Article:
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Prevention is best defense against frightening and potentially deadly home invasion

Your home is your castle, but just as in medieval times, invasion by outsiders can be a real threat.
Your home is your castle, but just as in medieval times, invasion by outsiders can be a real threat.
AP photo

Police in normally quiet Carpentersville, Illinois, located in far west suburban Chicagoland, are on the hunt for two suspects who committed a home invasion earlier tonight.

Although the two adults and 5-year old child who were tied up by the robbers are undoubtedly traumatized by their ordeal and likely face a difficult emotional recovery, they fared considerably better than the Petit family of Cheshire, Connecticut. The pair of perpetrators in that home invasion incident - who are currently standing trial - beat up the husband, killed the wife, and set the home on fire, leading to the death of the couple's two daughters due to smoke inhalation.

While home invasions are much more rare than simple residential burglaries, the results are significantly more devastating. Emotional trauma, serious injuries, and even violent death are all potential outcomes of a close encounter with a potentially violent intruder.

The best defense against a home invasion scenario is to prevent it from ever happening. Every household member should be educated about basic home security procedures and understand their individual responsibility for helping to protect the home.

In the case of the Carpentersville incident, early reports indicate the intruders entered through an open garage door shortly after the family returned home. Open doors are a virtual invitation to would-be thieves and brigands. Overhead garage doors should always be kept shut when the garage is not actively being used. A variety of commercial products are available that can alert you when a garage door is open. Or better yet, an overhead door relay can be tied into a monitored alarm system to warn of an open door and sense a closed door being opened without authorization.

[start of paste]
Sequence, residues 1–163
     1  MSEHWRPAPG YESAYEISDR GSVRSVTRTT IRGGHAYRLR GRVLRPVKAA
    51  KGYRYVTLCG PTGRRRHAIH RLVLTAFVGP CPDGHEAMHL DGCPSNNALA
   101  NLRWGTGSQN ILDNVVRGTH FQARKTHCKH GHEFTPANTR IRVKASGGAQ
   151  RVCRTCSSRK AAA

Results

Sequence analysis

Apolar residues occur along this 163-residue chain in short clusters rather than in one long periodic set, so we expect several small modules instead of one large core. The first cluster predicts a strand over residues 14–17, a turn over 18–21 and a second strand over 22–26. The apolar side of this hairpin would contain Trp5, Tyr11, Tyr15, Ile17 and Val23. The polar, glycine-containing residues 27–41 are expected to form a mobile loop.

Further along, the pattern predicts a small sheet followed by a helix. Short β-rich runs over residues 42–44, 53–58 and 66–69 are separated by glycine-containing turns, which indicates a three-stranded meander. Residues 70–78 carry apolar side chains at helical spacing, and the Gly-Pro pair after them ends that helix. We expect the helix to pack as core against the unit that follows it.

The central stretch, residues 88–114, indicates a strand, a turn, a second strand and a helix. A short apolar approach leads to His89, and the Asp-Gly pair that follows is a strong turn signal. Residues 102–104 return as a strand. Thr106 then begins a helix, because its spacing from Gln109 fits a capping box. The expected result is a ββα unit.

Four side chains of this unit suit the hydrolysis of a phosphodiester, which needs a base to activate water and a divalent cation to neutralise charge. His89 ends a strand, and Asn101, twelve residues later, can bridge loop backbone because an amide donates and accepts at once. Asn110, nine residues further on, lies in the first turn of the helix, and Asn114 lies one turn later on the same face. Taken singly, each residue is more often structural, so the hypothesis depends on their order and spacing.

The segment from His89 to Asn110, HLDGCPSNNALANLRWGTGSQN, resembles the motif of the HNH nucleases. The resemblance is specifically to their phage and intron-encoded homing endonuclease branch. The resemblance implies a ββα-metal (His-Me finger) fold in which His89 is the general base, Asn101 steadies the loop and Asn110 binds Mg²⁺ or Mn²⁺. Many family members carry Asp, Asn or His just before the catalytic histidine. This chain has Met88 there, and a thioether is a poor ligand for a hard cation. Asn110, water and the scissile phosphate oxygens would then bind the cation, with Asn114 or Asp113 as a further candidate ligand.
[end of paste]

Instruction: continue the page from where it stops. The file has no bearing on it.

All exterior doors of a home should be equipped with quality dead bolts and kept locked at all times, whether the home is occupied or not, both day and night. A sturdy storm door or security door can be installed if ventilation during warmer months is desired. Sliding doors with screens can present special security challenges, especially if they are left open at night. Using an adjustable door bar, wooden dowel, or commercially available pin lock to hold the door open no more than 4" - 6" wide is an acceptable compromise between security and ventilation needs.

A monitored security system is an excellent investment that can enhance the safety and security of your family against many types of threats, including home invasion. In addition to providing perimeter protection of doors and windows, most security system keypads feature one-touch panic buttons to summon law enforcement without the need for getting to a phone and dialing 911. Higher-quality systems can be equipped with hardwired or wireless panic buttons that can be hidden in various locations for use during a home invasion emergency.

A trained security professional is the best resource to help you identify potential weaknesses in your home security environment and to develop a plan to resolve those issues. Your local police department may provide a home security inspection service, or contact the author, a state-licensed security professional, for more information and assistance:


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